Every event needs a budget. A budget will help you to plan for the event and make sure you have enough money to cover all of the costs. It also helps you decide how much to charge for the event, how much revenue you need to generate, and how many tickets you need to sell, among other things.
It is important to think about all of the different aspects of an event when creating a budget, including food, entertainment, decorations, and more. By having a budget, you can ensure that your event is well-planned and organized.
Let’s look at how you can create a realistic event budget with confidence.
First things first: a lot of your budgeting will take place in the strategy phase of planning. This is because a lot of your earliest decisions will set the tone for the event, including its size, location, attendees, and activities. Here’s how to start.
Setting and achieving goals can be a helpful way to budget for an event. By knowing how much money you need to accomplish a goal, you can better plan your spending. Additionally, setting goals can help you stay on track with your budget and avoid overspending.
If you’ve hosted similar events in the past, last year’s budget is a great place to start planning this year’s budget. See how much money you needed for the last event and how much certain items cost. See if you can do without some of those things or whether you need to allocate more spending on others.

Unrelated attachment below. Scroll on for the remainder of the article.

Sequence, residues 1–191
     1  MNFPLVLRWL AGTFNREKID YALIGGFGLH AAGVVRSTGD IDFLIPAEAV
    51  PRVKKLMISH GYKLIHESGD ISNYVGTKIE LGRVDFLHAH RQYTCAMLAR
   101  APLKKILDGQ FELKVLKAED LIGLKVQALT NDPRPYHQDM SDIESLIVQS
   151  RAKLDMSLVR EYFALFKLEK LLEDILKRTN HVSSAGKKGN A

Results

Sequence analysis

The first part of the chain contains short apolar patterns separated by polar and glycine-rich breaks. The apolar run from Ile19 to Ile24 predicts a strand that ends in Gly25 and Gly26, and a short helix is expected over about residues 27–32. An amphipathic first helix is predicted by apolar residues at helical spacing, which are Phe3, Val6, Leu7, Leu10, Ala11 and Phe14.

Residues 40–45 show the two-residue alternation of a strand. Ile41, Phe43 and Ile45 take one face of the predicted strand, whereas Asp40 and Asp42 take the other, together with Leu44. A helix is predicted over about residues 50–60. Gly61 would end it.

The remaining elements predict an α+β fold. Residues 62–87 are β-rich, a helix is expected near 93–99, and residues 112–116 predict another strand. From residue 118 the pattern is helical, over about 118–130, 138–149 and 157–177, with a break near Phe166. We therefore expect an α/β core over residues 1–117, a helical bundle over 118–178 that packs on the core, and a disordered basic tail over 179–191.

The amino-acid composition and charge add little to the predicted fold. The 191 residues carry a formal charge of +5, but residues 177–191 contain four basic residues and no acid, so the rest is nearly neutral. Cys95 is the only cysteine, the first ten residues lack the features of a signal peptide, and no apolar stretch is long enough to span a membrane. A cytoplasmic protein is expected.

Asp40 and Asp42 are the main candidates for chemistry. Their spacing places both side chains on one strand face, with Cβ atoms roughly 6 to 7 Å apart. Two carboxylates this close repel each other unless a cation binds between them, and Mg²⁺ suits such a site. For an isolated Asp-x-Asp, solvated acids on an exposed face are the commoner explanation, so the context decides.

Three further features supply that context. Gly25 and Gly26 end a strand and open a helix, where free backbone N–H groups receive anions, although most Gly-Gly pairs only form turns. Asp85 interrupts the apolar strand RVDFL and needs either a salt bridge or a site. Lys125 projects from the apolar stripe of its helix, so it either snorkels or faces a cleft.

Setting an event budget takes a good understanding of the event industry. Those outside of event planning might experience sticker shock at just how much basic things like chair rentals or linens cost.
Plus, with the costs of goods rising in the past year, it’s a good idea to estimate more than you paid for the same items last year. Do some research between vendors to establish new baselines costs in case things have gotten more expensive.
Start creating spending categories for your event budget. These are broad, high-level categories that will help you navigate the various costs. From there, you’ll start breaking down each category into more specific costs.
For example, a high-level category would be something like food, facility, staff, etc. As you get more granular, you can start listing out the individual items and what they cost, such as drinks, ice, cups, entrees, snacks, etc. under the Food category.
Creating this high-level plan first can help you brainstorm your most important event costs and allocate a percentage of the budget to each one.
Before moving too deep into the budgeting side of things, run your high-level plan by stakeholders to ensure everyone is on the same page. They may be able to add categories or items that you have not yet thought of, which will impact your overall budget.
Once you have their seal of approval, you can start building out your budget in more detail and doing deeper research.
Planning an event can be a daunting task, especially when it comes to estimating costs for the budget. Not having enough wiggle room to do the things you want to do can send an event planner into a tailspin. And if you do need to appeal to stakeholders for more funds, you need to be able to demonstrate a real need and support your suggestions.
That’s why estimating costs is such an important step in the process. By accurately estimating what everything will cost, you can keep your event on track and on budget.